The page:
Monotype: The Journal of Composing Room Efﬁciency no. 70 (1924) is devoted entirely to Kennerley in celebration of the release of the typeface family—with the addition of bold and bold italic—for machine composition by Lanston Monotype. The issue, designed by George F. Trenholm and Ellsworth Geist, has several articles by and about Frederic W. Goudy to accompany showings of the typeface. In “A Medieval Craftsman and His Types: A Great Advertiser Comments on the Goudy Types”, Earnest Elmo Calkins, co-founder of the pioneering advertising agency Calkins & Holden, provides one explanation for the popularity of Goudy’s typefaces in the 1920s.
Calkins describes Goudy as a medievalist. But then goes on to say that, “…while Goudy is medieval in a certain old-fashioned to modern standards of success, his work is as practical as a patent quoin and as up-to-date as the point system. He is an old-style face on a modern body.” [p. 8]. A little bit further on, Calkins comes to the real point about Goudy: that his typefaces managed to bring back the qualities of incunabula typefaces that many in the immediate post-William Morris decades desired while at the same time making them functional for the modern world of advertising. “There is nothing academic about Goudy,” Calkins says. “He understands that printing is a means to an end. and the great proof of that state of mind is the fact that he is now cutting his faces for use in a typesetting machine. It is a great service to make a good type available under modern commercial conditions than to design a letter that has merely an academic interest and use. The typesetting machine is a necessity in our high-speed, quantity-production age.” [p. 8].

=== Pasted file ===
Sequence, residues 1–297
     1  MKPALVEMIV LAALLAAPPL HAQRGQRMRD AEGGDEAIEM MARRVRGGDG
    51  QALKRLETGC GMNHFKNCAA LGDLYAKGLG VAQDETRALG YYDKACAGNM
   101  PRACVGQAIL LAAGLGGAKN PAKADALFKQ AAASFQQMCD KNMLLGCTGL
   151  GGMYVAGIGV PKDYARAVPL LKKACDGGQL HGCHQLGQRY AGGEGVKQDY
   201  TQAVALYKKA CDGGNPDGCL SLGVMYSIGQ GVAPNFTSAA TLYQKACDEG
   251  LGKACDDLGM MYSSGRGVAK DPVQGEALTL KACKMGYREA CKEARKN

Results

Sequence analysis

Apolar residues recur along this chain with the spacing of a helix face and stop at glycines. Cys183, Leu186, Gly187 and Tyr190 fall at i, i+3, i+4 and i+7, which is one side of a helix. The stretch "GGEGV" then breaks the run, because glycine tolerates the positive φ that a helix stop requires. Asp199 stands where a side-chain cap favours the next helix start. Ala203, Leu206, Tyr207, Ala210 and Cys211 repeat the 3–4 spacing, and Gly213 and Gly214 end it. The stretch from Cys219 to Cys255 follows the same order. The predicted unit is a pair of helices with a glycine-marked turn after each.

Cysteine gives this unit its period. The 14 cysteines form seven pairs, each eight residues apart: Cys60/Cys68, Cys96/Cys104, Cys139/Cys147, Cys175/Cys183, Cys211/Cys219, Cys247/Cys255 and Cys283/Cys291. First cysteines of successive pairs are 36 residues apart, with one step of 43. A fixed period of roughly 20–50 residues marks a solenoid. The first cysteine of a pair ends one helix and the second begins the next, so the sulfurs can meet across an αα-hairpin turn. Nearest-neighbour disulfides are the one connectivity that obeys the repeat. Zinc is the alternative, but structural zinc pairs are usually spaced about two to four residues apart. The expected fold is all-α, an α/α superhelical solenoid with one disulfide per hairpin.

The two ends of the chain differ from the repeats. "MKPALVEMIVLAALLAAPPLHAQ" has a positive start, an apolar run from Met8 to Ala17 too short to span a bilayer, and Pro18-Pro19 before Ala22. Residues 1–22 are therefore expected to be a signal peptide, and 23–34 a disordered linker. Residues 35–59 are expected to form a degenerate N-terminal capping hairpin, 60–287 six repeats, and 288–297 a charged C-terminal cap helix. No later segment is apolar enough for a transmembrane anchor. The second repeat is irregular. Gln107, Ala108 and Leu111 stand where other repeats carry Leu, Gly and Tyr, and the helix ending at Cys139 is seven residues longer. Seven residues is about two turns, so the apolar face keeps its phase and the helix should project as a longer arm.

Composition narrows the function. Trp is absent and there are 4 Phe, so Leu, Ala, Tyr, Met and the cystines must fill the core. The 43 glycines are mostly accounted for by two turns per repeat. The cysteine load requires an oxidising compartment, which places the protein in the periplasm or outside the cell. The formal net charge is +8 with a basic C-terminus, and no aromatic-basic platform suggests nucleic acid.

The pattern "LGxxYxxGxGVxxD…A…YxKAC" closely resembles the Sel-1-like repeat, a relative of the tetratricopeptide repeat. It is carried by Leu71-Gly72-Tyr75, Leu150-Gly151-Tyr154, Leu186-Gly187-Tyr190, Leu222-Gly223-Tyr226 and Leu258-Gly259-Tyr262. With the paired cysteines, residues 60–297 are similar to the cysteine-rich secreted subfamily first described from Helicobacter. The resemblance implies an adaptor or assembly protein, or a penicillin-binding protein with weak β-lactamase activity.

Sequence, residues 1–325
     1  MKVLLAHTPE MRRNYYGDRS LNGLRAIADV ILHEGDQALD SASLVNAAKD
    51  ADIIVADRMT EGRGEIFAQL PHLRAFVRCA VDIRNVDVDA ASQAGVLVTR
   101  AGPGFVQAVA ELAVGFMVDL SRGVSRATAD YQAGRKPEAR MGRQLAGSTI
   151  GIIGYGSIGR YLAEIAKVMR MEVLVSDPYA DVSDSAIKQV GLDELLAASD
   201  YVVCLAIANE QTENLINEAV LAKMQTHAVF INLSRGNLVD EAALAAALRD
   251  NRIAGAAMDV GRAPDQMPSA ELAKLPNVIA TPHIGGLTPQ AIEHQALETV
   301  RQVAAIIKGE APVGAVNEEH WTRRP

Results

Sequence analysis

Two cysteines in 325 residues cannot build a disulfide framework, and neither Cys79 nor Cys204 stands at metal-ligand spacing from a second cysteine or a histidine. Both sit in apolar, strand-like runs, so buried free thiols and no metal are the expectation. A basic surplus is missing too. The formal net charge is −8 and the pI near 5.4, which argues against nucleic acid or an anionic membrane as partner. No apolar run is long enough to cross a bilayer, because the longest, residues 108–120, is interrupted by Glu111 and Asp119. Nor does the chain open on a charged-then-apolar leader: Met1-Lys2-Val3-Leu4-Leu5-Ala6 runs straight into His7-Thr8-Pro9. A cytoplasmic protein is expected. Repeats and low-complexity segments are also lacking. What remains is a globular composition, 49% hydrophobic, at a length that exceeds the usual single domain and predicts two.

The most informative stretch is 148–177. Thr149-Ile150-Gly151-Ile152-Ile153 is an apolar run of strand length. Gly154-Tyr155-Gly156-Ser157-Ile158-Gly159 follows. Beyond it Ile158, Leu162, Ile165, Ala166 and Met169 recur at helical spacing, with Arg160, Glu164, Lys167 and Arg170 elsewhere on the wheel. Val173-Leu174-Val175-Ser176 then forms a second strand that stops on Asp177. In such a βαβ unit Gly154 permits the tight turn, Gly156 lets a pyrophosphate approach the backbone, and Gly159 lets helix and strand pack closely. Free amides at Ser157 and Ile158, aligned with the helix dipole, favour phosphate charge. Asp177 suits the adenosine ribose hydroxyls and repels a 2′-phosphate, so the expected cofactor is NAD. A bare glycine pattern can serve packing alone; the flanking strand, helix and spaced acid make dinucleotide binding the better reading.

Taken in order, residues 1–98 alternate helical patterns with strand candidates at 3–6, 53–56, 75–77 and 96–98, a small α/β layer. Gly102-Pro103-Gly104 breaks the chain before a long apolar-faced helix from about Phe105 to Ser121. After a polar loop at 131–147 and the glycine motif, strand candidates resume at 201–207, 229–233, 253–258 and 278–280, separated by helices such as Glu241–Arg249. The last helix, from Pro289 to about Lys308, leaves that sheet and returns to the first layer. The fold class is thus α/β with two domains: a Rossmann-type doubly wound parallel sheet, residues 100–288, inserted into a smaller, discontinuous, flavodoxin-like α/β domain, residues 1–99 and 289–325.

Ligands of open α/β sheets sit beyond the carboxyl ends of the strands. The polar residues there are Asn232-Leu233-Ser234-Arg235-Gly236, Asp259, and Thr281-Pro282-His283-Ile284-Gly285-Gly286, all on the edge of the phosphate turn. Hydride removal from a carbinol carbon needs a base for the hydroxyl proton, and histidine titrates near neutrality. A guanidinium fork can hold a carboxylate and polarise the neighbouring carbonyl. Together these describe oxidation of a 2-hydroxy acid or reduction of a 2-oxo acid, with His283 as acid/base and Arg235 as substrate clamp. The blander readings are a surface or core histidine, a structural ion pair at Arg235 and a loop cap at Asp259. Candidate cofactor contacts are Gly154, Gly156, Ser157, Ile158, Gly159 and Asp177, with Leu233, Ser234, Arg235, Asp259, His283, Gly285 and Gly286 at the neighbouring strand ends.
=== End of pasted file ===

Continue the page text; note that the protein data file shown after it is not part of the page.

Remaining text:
Goudy Oldstyle was one of the most commonly used typefaces in American advertising and publication design in the 1920s—especially after its promotion in the special supplement to the 1923 American Type Founders catalogue. One instance of its use is in the popular magazine, The Youth’s Companion. The magazine underwent several redesigns between 1925 and 1929, the year it was absorbed by American Boy. The ﬁrst, and most radical. of these, announced in the 17 September 1925 issue under the heading “An Old Friend in a New Dress”, included the use of Goudy Oldstyle for all heads and subheads, replacing handlettering. The redesign was uncredited, but it was the work of either Walt Harris, the magazine’s art director at the time, or W.A. Dwiggins, who redesigned the masthead twice in early 1926.
Further proof of the popularity of Goudy’s types is supplied by The Inland Printer. In its summary of the exhibition of printing organized by the American Institute of Graphic Arts in 1920, it concluded with this note: “One noticeable feature of the exhibition is the extent to which Goudy type is used by present day printers.” (See The Inland Printer vol. 65 (June 1920), p. 364.)